This material is incredibly promising as it provides a compostable alternative to polystyrene which takes from 500 years-forever to break down according to this study on biodegradability This idea was the most interesting to me as I care a lot about the waste created daily and finding sustainable substitutes to single-use everyday products.

Team Ideas:

Our team has been exploring various ideas for potential final products. For a while we were looking at 3D printing a map of the campus for DRES however this week, inspired by the speakers we decided to change topics and go in another direction. We are interested in exploring the capabilities of the Ecovative polystyrene substitute that Dot introduced and coming up with a common object replacement such as polystyrene coffee cups, plastic bags, or plates made out of this material.  The second idea we are exploring is the potential of using 3D printing on nails combined with a sustainable and healthier nail glue that would be more natural than current nails on the market today. A third idea we are currently discussing is participating in the “Growing Local Community” project led by Ultimaker ( ) and incorporating the Mycelium material into our 3D printed garden design. We still have quite a bit of brainstorming and going discussing as a team however our goal for this week is to look further into each of these ideas and determine the most realistic and interesting route to take for our project.

Biohacking, 3D Printing Networks, and a Lamp (Week 6)

This week, we printed our Fusion 360 models, heard from biohacker Dot Silverman, and was taught about UPS and 3D printing from Alan Amling.

I thought the UPS talk was very interesting – we are not yet part of a world where customized 3D printed parts are ordered regularly everywhere and by everyone. But UPS imagines a world where this can happen and has realized that, to obtain that future, we must start now.

During my sophomore year internship with Boeing, the engineering team I supported was working on producing certain tooling and equipment parts with a 3D printer. They didn’t need to be super strong – the just needed to be cheap and in large quantities. The team spent the entire summer getting the massive 3D printer up and running and conducting tests/printing prototypes. If we could have ordered from UPS’s on-demand manufacturing network, we would have had a lot more time to pursue other ventures or to perfect this one.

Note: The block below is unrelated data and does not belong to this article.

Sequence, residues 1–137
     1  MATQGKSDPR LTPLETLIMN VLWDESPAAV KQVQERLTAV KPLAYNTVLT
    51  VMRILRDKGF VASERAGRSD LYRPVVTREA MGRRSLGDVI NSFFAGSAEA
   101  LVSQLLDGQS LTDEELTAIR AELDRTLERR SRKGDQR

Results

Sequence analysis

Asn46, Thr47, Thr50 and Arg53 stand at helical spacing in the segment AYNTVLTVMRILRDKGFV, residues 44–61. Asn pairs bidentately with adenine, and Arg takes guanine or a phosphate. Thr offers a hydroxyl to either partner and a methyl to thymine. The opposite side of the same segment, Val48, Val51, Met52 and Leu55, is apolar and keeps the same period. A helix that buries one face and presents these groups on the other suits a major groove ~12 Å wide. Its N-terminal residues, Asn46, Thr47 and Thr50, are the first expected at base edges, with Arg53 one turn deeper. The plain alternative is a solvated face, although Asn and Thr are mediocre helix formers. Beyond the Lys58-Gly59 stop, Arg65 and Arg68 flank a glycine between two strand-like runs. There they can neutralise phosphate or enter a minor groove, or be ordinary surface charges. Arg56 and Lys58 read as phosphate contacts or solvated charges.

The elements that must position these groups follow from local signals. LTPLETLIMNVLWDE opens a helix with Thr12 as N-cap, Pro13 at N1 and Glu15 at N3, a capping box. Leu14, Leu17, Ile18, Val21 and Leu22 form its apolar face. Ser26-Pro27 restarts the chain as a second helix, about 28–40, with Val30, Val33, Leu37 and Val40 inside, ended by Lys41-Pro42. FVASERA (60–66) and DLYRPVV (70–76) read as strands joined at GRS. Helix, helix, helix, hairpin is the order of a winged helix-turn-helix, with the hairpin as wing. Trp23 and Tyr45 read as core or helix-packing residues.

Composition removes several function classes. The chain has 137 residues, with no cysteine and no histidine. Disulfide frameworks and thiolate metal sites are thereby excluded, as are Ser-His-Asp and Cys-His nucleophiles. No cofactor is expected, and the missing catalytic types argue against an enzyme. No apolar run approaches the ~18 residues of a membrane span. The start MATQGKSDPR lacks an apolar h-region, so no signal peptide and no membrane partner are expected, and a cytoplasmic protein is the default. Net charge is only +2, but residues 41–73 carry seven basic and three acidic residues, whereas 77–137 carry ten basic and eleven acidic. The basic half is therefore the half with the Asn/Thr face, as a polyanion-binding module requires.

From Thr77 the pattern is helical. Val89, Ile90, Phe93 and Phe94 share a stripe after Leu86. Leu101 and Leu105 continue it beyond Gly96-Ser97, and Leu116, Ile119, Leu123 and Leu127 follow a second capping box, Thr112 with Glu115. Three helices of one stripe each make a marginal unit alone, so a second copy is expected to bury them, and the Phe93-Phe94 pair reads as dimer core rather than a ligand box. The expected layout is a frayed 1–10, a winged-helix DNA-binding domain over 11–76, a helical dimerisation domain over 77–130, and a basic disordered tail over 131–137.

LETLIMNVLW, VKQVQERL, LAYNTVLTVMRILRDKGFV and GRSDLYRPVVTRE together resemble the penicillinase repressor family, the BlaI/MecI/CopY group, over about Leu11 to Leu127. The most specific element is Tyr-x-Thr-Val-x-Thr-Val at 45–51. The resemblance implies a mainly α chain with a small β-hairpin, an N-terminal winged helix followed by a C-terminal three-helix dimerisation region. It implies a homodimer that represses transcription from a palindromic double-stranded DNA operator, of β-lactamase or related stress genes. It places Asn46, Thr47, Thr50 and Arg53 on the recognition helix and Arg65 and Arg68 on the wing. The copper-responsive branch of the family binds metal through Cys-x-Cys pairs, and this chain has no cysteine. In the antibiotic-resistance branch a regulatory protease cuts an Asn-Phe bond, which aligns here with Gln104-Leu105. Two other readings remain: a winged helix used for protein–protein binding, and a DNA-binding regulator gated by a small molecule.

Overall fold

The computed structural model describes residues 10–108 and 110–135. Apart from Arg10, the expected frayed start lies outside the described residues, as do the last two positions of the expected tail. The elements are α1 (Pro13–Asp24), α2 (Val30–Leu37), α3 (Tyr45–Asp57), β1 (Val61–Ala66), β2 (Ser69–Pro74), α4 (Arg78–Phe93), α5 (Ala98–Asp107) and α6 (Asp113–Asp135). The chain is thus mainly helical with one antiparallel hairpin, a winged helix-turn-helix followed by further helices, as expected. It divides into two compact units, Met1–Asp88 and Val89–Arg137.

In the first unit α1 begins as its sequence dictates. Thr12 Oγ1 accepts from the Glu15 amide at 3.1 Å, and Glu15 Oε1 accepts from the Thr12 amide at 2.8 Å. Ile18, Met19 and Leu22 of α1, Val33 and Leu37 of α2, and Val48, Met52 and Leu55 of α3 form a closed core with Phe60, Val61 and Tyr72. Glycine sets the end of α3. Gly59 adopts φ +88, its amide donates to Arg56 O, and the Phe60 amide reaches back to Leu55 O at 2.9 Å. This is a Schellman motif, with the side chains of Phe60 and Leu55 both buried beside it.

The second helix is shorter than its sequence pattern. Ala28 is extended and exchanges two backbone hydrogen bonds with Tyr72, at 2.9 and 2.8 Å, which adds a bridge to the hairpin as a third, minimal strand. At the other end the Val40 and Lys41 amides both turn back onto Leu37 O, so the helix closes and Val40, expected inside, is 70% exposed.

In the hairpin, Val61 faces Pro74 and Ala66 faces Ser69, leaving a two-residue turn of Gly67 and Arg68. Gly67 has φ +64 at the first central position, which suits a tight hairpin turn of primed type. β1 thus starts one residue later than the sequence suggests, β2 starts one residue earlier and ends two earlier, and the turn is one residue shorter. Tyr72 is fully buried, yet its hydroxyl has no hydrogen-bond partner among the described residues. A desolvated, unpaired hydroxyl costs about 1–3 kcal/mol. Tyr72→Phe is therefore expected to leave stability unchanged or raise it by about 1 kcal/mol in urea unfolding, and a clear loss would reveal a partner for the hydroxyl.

UPS has launched an on-demand manufacturing network that links its global logistics network with 3D printers at UPS stores. More on this can be found in a post by UPS here. As the 3D printing tech matures, it’s only natural that we start using that tech to disrupt the market in bigger ways.

Our next speaker, Dot Silverman, taught us about biohacking and how 3D printing can be one method used to biohack. Biohacking is known as “do it yourself biology”. It employs the maker mindset we’ve been learning about in class and is often used to teach and explore new and exciting facets of science. The PBS News Hour wrote an interesting article about biohacking here. I read one particularly helpful excerpt from it: “[Biohacking] takes place in small labs — mostly non-university — where all sorts of people get together to explore biology…It often is aimed at producing a product…It is experimenting on the cheap, usually without the benefit of a fancy university laboratory, and it often involves DNA and genes.”

I’ve found a website that contains biohacking lessons that can be taught in a school environment. BioHack Academy has courses on microbiology, electronics, biomaterials, and even 3D printing lessons like design and CAD!

Learning about biohacking has expanded my knowledge of the maker community and made me really excited for future students. Biohacking lends itself so well to education and makes biology fun and hands-on. Of course, Dot told us all about how bigger companies are starting to make bones and more potentially profitable products, but I really loved the smaller scale educational side of biohacking.

I’m excited to get into the Fablab and see what it has to offer. I am inspired by the lamp I was able to print out and want to learn how I can design more cool and useful things at the Fablab. The hanging lamp shade I made in Fusion 360 finished printing. It took around 11 hours! I learned how to resize it for the Ultimaker while making sure the openings were still the right size. I printed it without supports because Cura wanted to generate a support for every diagonal intersection (which would have been overboard). It printed out perfectly without any mistakes! I am very happy with it and can’t wait to take it home to use with the light fixture I have there.